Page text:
This is a recording of a jazz trio playing the score to a 101-year-old ballet. It is not a "jazzing the classics" record or a "fantasia on the themes of" sort of project. It is a band translating one of the landmark works in music history to piano, bass and drum set, and doing it as literally as possible.
This makes more sense than meets the eye. For one, the ballet is Igor Stravinsky's The Rite Of Spring, an immensely complex and cacophonous work which, paired with appropriately violent choreography, caused a confused audience to riot during its 1913 premiere. That tremendous potency came to be recognized over time as mastery, in part by modern jazz musicians with big ears. It's a rhythmically pulsing, frequently irregular work based on folk music — akin to the way improvisers swing, syncopate and draw from African-American folklore.
Of all the jazz groups to tackle such a hurdle, The Bad Plus seems like the right horse for the course. It's a group with an affinity for quirky, proggy original music; a reputation for transformative covers of anything from 20th-century classical music to Aphex Twin; an evident love for music history, whether jazz or otherwise. It's also been touring frequently for well over a decade, with sizeable fan base and media attention, making it possible for a few major performing arts institutions to commission it for something of this scope. So they did, at first performing their adaptation of the Rite with a video installation and later with a dance company. Now the music is on record for anyone to hear.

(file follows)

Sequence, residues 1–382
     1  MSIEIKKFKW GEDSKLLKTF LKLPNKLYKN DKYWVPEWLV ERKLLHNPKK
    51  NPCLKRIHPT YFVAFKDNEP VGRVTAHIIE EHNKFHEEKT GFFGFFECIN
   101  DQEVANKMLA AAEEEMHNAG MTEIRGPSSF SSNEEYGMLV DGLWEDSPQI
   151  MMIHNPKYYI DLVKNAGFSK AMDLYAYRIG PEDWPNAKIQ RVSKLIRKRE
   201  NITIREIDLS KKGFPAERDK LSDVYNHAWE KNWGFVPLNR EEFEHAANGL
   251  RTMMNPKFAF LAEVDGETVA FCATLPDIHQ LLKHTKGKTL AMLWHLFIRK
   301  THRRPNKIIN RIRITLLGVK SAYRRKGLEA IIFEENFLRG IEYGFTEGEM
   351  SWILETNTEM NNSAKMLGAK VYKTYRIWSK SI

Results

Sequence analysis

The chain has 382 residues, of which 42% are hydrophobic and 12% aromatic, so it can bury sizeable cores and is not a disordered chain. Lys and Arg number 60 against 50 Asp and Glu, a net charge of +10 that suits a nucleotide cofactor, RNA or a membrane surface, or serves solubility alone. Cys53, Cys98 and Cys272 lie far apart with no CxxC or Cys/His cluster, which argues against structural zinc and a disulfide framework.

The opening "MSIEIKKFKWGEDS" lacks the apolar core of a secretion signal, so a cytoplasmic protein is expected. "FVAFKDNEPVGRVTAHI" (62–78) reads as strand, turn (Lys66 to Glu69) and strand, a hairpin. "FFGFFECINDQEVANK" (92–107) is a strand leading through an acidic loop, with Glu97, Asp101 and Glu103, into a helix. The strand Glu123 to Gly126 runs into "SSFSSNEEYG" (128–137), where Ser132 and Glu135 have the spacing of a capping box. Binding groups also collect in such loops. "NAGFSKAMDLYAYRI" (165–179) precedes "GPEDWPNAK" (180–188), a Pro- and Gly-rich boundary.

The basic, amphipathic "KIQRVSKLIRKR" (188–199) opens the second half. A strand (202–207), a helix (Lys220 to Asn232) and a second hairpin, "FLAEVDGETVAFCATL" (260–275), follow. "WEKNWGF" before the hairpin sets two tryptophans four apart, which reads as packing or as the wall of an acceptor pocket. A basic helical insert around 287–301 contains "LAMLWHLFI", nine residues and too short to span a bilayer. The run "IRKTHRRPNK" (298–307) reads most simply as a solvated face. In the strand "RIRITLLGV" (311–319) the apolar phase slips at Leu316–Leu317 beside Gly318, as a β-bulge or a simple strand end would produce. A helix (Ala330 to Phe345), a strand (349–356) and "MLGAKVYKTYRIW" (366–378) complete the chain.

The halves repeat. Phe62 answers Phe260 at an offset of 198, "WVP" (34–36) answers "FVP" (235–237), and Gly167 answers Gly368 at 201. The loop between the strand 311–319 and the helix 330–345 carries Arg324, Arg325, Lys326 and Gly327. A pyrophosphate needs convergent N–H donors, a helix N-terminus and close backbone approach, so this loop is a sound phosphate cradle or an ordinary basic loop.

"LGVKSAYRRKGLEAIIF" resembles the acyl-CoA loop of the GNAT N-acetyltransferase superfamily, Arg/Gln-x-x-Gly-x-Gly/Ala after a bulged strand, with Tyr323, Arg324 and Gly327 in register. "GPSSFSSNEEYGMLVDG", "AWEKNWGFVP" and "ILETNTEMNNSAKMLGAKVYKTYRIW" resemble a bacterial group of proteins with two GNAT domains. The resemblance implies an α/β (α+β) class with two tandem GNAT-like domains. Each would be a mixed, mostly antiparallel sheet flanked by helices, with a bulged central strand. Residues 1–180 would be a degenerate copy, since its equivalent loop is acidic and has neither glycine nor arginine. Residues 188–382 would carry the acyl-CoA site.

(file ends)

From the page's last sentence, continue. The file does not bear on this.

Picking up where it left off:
For such a loud orchestral undertaking, the Rite reduces surprisingly well to three dudes. Whether the herky-jerky action of the "Sacrificial Dance" or "Glorification of the Chosen One," or perhaps the unsettled majesty of "The Augurs of Spring" or the "Spring Rounds," a proper sound system gives you the gloriously noisy gist of it.
But this Rite isn't totally without its artistic liberties. Ethan Iverson (piano) and Reid Anderson (bass) supply the melodic and harmonic information, leaving Dave King (drums) to play a bit of free safety. King's beatmaking (and in the opening section, Anderson's electronic programming) often acts in a capacity Stravinsky never scripted, buoying with a backbeat or a bit of snare commentary or even ride-cymbal swing. His contribution certainly remains loyal to the mood of Stravinsky's fever dream; at the same time, it's also the key to why this still sounds like Bad Plus music, too.